Amazon’s European mainland customers wary of US spies can now build scalable clouds on AWS and stay entirely on the Continent. The giant today announced the opening of a data centre in Frankfurt, Germany – just as we reported it would in July.
The data centre – or "region" as Amazon calls them – is the company's second in the EU; the first was built in Dublin, Ireland. The region is Amazon’s 11th worldwide.
Opening the data centre, Amazon stressed data privacy, saying customers’ content can now fall entirely under the umbrella of European Union data protection laws and outside the reach of some United States regulations.
This was one of the top three reasons Amazon invested in the new centre, it said. The selection of a mainland Europe centre will also mean lower latency for users of the service further away from Dublin.
The new unit targets customers who’d wanted to build cloud services that use more than one region for redundancy – in case one either one goes offline. It is therefore aimed at major businesses, governments and web-scale startups.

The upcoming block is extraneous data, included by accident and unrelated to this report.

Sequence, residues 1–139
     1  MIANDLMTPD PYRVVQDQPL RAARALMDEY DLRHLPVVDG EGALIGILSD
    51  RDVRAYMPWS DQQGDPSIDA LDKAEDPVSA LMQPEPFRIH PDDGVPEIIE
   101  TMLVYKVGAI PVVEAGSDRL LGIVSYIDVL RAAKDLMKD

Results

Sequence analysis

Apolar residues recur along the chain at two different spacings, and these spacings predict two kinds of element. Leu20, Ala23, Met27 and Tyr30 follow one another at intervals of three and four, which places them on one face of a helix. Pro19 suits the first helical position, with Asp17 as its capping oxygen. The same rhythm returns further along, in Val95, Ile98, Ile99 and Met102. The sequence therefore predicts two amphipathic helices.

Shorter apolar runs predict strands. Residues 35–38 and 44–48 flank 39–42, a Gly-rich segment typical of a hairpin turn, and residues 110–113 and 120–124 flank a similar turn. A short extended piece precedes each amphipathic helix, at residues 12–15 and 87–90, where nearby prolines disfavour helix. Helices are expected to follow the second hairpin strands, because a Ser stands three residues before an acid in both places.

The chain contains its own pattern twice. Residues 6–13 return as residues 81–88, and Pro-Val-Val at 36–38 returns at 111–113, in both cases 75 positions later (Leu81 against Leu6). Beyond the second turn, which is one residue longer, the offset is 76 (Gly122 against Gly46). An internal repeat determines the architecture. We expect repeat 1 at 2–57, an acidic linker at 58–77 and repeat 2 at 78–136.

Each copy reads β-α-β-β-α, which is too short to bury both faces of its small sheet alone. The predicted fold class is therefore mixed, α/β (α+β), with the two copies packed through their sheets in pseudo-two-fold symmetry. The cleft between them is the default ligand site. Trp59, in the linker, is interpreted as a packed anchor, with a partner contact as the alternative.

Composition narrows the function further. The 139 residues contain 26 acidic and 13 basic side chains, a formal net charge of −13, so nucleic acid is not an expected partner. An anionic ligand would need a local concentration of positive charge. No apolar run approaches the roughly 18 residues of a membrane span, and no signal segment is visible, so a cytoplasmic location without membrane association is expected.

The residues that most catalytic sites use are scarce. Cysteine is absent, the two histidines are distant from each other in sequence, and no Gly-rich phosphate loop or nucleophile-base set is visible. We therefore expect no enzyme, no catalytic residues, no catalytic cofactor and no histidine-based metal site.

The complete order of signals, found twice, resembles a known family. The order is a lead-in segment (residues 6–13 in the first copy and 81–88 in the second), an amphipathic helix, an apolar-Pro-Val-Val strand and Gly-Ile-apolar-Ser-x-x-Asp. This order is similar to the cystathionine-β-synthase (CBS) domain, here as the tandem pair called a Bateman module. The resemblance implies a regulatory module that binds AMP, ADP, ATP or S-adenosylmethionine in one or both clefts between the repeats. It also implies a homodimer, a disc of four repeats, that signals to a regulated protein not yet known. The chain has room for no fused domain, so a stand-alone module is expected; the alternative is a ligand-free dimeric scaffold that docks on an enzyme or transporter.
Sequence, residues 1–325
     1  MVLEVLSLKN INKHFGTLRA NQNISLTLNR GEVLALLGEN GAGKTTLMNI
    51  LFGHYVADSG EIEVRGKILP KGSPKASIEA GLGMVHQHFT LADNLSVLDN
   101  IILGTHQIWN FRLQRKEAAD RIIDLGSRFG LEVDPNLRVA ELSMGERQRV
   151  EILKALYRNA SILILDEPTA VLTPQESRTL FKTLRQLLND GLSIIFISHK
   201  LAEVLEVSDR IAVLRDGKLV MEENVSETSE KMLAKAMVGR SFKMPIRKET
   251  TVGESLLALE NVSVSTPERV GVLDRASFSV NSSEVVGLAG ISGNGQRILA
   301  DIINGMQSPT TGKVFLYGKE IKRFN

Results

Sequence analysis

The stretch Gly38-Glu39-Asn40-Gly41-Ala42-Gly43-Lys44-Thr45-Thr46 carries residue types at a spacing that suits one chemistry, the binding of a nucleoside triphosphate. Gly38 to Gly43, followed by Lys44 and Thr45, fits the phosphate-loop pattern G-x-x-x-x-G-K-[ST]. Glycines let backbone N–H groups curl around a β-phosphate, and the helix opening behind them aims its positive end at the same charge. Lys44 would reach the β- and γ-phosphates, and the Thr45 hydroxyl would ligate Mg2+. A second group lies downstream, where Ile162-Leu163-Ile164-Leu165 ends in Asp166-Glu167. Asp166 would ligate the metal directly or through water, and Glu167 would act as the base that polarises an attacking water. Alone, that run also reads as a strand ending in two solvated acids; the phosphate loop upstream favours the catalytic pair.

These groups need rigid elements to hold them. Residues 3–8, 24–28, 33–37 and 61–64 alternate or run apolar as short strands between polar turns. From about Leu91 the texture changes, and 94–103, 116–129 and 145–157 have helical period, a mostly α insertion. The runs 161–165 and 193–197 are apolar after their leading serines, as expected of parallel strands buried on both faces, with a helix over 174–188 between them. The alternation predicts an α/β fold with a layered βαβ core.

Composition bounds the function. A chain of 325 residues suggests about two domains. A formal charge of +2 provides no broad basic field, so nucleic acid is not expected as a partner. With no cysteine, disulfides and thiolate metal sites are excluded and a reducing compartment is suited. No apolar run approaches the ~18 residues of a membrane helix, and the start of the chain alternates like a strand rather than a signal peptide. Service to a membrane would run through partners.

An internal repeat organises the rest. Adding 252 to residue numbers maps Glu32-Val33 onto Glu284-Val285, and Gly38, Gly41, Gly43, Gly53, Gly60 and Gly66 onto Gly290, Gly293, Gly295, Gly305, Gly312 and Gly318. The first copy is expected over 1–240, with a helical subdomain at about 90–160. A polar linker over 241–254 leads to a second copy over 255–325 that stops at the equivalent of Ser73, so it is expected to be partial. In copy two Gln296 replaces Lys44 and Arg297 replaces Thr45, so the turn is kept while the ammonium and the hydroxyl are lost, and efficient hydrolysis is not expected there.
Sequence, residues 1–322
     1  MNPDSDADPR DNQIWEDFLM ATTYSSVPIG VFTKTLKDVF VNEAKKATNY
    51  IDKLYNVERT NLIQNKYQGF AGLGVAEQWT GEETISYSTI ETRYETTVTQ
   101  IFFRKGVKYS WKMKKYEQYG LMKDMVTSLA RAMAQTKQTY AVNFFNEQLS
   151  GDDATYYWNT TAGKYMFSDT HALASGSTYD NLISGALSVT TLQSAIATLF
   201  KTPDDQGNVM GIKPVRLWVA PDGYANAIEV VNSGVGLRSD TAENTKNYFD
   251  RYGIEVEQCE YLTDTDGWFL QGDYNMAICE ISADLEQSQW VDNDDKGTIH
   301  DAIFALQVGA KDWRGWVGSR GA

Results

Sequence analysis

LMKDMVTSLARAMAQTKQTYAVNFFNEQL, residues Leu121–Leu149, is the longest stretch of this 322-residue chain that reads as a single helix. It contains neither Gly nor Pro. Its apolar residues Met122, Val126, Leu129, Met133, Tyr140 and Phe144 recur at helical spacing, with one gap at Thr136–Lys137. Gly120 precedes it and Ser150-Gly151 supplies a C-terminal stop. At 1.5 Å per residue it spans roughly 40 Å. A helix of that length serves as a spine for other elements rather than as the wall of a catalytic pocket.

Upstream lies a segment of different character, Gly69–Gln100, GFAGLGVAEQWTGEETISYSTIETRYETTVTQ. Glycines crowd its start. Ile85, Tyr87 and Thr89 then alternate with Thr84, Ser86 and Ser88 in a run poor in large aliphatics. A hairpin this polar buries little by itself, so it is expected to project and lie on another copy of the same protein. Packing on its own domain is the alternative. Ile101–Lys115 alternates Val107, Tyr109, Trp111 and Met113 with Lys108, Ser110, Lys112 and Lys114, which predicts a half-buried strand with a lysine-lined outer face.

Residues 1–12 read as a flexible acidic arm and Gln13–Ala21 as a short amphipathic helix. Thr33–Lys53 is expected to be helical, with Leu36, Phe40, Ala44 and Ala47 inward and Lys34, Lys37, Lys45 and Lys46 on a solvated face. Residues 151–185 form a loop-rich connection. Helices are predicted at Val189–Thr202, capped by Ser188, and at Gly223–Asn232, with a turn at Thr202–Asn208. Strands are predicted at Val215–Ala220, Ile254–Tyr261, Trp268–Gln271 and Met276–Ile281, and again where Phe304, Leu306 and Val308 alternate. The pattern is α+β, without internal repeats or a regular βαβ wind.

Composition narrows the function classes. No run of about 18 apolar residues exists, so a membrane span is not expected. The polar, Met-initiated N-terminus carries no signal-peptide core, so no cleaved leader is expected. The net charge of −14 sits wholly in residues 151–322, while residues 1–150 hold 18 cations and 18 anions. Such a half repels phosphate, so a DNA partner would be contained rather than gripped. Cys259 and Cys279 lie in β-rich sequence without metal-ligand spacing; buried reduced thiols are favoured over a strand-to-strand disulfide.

Andy Jassy, AWS senior vice president, said during an AWS web conference on Wednesday that he reckoned there were “a large number of EU customers who’d like to architect across different regions but who want to keep within the EU.”
He did, however, seek to downplay the risk of putting sensitive corporate data on AWS. According to Jassy, if customers encrypt their data and retain the key then their data is safe.
Further, he said, requests for data from the US authorities had to be legally binding – via court order – and couldn’t be over-reaching. Tell that to Microsoft, though.
By the way, the AWS customer agreement mentions this:
You may specify the AWS regions in which Your Content will be stored and accessible by End Users. We will not move Your Content from your selected AWS regions without notifying you, unless required to comply with the law or requests of governmental entities.
Amazon didn’t say how much it spent on the Frankfurt data centre, but it is spending $1.1bn over three years building a new facility in Dublin, Ohio, in the US, according to a report.
Amazon has been in touch to say Frankfurt is a region that runs on "multiple" data centers in Germany, not just one. The firm wouldn't give numbers or say how many were new are existing data centers.®